Stella Nesanovich



The room is cold, dimly lit.
Confused, I turn right
when asked to face left.

Then Chad, the technician,
covers me with a warm blanket,
tucks a towel under my chin.

The heart moves to a core beat,
a deep meter of thump and rest,
but mine has a murmur, a note
out of tempo. The heart of a poet,

a friend says, should murmur
to weave a bracelet of words,
and, like the probe against my chest,
its sounds image the soul’s content.

“That’s a healthy heart,” Chad says,
as I glance to see a twigged
and branching tree pulsing
in a measured dance.

One day, an old garment,
my heart may tear and fray.
For now, the valve that sighs
is a murmur I was born with:
an echo I listen for.



Dead Men’s Fruit


“Jamais deux sans trois”: French idiom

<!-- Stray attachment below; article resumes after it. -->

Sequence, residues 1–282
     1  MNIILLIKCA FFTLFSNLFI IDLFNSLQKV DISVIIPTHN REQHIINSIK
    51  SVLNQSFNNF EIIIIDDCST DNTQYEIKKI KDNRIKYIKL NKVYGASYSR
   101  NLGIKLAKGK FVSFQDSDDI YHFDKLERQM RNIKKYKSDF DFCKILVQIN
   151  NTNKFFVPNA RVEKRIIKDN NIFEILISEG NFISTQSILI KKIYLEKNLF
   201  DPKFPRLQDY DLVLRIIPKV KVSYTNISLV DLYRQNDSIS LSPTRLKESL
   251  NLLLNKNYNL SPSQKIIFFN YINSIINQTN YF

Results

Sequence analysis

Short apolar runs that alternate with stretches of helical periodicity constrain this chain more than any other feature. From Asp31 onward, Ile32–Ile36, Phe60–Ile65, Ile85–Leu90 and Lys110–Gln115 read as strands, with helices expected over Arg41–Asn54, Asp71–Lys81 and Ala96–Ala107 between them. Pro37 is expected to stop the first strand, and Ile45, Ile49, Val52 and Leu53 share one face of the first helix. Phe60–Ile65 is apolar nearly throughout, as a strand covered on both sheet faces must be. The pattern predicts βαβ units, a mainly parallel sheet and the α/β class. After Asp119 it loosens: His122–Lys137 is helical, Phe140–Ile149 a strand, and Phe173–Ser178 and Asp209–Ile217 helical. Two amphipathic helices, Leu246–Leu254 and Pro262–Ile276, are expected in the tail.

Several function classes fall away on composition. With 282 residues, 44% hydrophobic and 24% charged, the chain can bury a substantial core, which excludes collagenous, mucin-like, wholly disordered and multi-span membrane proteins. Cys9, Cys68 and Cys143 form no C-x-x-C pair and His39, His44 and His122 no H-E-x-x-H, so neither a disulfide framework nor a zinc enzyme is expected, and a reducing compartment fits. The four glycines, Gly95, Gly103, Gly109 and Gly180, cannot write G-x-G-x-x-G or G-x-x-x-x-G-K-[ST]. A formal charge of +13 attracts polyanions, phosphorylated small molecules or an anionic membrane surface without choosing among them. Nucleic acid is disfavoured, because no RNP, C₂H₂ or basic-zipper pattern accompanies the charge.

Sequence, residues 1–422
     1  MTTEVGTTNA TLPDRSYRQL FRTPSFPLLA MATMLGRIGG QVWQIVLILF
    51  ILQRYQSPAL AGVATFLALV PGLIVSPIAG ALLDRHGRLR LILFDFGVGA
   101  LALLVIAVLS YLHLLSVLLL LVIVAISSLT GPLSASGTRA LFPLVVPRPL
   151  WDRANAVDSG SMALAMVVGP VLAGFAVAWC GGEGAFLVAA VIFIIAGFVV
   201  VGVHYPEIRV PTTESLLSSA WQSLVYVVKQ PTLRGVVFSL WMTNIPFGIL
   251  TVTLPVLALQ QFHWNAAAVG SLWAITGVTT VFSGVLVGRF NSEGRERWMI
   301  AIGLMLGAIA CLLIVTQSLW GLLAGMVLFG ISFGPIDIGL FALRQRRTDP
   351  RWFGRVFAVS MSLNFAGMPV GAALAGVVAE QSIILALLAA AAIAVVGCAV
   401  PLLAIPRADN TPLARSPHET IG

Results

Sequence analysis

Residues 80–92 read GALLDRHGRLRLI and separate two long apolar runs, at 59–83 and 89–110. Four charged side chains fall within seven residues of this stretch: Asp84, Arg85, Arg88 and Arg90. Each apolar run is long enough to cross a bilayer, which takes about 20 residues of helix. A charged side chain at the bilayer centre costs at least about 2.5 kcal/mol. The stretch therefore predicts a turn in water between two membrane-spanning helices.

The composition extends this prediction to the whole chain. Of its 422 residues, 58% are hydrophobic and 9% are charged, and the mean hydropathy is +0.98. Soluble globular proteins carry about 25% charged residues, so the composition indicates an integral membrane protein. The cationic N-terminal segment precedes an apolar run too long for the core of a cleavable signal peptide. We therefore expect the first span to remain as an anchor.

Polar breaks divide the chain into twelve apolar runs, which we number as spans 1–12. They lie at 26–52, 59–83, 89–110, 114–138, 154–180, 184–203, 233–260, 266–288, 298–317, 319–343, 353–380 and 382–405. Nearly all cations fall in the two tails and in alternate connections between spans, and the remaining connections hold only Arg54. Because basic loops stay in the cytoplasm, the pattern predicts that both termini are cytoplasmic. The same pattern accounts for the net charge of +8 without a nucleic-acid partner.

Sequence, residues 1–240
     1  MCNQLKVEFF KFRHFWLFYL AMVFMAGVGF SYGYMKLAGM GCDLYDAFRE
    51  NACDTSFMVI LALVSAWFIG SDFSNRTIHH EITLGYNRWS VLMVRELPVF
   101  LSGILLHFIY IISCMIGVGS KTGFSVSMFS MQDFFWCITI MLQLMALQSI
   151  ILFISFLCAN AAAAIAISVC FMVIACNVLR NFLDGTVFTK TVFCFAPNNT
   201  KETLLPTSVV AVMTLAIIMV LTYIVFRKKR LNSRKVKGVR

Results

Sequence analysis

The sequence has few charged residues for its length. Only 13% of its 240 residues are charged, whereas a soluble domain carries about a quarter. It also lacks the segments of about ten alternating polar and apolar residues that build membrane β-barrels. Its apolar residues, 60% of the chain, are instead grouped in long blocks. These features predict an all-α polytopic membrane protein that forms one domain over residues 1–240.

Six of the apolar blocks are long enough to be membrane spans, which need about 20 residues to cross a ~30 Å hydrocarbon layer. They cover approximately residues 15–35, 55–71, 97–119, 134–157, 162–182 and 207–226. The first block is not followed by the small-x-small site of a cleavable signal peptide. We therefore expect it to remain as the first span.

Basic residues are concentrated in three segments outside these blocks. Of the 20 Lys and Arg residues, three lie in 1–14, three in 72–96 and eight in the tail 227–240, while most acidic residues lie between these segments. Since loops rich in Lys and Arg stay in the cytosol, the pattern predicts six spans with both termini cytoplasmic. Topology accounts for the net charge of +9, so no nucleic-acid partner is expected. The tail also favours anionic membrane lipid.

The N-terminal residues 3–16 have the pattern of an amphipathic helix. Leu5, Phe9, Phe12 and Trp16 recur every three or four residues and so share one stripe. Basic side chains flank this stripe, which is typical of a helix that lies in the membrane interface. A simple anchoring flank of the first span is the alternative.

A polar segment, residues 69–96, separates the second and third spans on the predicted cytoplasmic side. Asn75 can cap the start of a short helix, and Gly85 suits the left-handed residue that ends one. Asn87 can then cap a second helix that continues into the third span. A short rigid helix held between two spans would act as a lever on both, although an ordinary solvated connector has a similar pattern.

Two friends have buried their husbands:
a novelist, whose literary works
bore fruit beyond tactile measure,
was ravaged by a brain tumor.
The other, a gardener, succumbed
quickly to pancreatic cancer.

Like a ribbon on a trail
I may soon follow, I study
their deaths, the various ways
I may falter and fail.

Then I learn of a father
mortally injured in a wreck,
but kept alive for a time
and revived so blood
flowed to his organs,
harvested for the living.

His satsumas are bitter,
all sugar depleted.
Plentiful citrus, green
globes that ripen to gold
in autumn, kumquats
like floribunda;
summer’s ripe figs—
ordinary sweetness
now the sour fruit of death.


Stella NesanovichStella Nesanovich is the author of two full-length collections: Vespers at Mount Angel: Poems and Colors of the River: Poems as well as four chapbooks of poems. Her poetry has appeared in many journals and magazines as well as over twenty anthologies. She is Professor Emeritus of English from McNeese State University in Lake Charles, Louisiana. Her website is

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